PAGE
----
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Training, simplified processes trim hospital lab errors


ANAHEIM, Calif. – Training hospital staff to have patients state their name and birth date before a specimen is taken and refusing to accept specimens before they are properly labeled are effective ways to reduce diagnostic errors, an expert said.

“Merely telling people to document and merely going out there and training a large group” of people has a low impact in addressing this issue, said Elizabeth Drozd, a patient safety analyst at the Plymouth Meeting, Pennsylvania-based ECRI Institute, which focuses on patient safety.

She spoke during a Tuesday session on diagnostic errors and prevention strategies in laboratory testing during the American Society for Healthcare Risk Management's annual conference.

“Look at your processes” and simplify them, she said. Health care practitioners have been “amazed at how many steps from collecting the sample to final reporting” are involved when this information is presented to them, said Ms. Drozd.

Leadership support of reducing errors is very important, she said. If there are problems gaining it, “develop a business case” to address the issue, such as showing officials the cost of collecting fresh specimens, she said.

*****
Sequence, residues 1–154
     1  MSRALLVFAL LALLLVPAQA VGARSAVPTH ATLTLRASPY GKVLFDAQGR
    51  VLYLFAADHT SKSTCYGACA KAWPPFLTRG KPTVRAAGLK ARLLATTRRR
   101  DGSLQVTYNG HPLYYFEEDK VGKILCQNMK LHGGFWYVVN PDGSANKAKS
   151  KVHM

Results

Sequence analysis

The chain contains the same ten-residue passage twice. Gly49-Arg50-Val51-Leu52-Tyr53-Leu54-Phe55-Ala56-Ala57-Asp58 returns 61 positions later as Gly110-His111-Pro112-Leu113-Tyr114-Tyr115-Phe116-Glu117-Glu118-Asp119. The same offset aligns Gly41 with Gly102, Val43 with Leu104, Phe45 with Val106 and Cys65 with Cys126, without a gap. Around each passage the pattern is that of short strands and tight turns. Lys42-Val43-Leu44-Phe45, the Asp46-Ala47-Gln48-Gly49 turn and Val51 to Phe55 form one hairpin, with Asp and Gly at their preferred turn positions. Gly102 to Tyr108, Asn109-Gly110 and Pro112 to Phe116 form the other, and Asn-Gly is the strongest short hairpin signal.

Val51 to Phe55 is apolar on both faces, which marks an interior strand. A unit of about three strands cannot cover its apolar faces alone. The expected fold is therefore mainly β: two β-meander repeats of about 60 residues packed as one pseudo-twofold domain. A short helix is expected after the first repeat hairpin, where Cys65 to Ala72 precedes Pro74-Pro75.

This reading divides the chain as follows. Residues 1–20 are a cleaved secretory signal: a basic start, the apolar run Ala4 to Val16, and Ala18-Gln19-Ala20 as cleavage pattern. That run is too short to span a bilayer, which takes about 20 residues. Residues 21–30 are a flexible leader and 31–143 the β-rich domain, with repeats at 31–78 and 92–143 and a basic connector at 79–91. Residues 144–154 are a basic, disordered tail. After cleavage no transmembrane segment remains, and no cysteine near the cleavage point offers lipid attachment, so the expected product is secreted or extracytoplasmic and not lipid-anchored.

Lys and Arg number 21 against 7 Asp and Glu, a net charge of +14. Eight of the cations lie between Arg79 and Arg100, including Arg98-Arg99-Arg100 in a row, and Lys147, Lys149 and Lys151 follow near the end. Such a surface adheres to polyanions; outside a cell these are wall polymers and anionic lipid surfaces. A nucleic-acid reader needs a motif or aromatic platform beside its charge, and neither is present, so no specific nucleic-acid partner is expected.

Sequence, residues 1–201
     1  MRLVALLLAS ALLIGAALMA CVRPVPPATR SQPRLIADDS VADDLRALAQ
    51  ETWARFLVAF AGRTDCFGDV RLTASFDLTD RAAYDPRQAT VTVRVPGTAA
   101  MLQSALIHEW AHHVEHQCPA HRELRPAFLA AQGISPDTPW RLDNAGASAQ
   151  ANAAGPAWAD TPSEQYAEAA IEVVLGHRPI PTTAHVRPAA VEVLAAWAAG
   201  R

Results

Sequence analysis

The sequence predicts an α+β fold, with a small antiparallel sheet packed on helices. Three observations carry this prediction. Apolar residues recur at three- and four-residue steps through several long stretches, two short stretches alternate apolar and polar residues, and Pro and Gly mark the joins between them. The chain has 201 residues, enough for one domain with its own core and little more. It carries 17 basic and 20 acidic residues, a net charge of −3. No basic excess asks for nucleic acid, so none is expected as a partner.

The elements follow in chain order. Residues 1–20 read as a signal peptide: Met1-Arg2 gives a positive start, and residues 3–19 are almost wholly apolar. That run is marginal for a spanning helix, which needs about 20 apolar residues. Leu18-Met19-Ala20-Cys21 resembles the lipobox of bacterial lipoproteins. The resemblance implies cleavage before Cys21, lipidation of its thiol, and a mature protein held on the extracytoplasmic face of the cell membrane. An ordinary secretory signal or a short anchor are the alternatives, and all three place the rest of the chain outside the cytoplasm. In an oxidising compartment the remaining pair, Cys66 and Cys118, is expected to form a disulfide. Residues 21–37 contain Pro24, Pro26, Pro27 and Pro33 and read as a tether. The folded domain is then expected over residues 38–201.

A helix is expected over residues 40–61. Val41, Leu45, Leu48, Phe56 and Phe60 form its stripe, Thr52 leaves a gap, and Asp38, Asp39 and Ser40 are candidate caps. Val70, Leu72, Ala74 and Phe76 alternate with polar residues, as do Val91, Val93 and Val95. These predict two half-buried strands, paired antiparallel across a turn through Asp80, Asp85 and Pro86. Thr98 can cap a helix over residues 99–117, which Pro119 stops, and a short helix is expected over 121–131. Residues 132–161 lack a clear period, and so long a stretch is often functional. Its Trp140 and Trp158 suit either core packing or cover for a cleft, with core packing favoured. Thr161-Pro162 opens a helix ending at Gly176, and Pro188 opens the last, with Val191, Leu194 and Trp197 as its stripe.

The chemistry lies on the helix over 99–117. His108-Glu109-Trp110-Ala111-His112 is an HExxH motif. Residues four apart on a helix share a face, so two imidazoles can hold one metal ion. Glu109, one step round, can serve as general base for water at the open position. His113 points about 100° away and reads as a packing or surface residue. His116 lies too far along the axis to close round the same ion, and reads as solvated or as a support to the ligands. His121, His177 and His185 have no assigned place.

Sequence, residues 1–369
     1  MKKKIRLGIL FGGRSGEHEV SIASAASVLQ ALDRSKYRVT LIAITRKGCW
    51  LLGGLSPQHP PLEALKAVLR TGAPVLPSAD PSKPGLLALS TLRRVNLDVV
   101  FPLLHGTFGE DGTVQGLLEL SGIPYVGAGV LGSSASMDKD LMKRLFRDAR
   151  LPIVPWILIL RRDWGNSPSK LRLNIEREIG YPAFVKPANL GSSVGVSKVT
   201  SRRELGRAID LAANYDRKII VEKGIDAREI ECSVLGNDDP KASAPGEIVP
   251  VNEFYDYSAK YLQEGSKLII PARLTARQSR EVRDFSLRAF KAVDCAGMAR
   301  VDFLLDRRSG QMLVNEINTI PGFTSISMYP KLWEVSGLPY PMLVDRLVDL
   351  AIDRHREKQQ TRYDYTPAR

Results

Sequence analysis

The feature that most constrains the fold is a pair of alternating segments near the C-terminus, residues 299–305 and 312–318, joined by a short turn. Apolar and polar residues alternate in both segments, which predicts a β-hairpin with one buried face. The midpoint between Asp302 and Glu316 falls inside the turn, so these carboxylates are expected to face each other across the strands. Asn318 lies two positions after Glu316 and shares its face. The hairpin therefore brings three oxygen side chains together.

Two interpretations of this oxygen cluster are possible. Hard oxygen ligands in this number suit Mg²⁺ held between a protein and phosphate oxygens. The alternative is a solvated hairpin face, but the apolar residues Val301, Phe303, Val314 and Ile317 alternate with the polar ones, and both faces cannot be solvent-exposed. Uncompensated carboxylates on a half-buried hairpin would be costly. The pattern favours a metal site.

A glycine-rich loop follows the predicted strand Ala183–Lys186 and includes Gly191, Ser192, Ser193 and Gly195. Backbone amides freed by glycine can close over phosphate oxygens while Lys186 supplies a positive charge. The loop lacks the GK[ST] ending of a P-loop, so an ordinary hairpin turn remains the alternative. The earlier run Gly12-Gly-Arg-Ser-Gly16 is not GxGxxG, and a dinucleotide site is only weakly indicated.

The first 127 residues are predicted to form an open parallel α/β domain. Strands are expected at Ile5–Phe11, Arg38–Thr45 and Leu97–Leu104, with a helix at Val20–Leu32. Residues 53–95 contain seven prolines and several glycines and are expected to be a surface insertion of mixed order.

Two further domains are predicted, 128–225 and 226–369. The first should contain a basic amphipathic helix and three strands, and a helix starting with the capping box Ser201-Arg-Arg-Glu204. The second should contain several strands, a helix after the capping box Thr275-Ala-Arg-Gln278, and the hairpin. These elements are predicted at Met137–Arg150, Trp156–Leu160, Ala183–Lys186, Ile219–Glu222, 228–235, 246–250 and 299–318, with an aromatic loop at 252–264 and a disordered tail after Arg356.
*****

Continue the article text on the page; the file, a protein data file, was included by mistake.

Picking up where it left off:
“It is important to develop a good project champion,” which could be a member of the medical staff or chief medical officer, she said. All teams she has been involved in have been more successful when medical and administrative staff have been asked to help, Ms. Drozd said.

Also speaking at the session was Cynthia Wallace, senior risk management analyst at ECRI Institute in Plymouth Meeting, who discussed an April ECRI study that found 96% of diagnostic-related mistakes were associated with processes that actually occurred outside the laboratory, such as during test selection and ordering.

The study found that the top three types of lab-related problems involved mislabeled specimens, specimens with an incomplete or missing label, and results that were missing or delayed.

“Diagnostic error represents a leading cause of medical malpractice claims,” she said.

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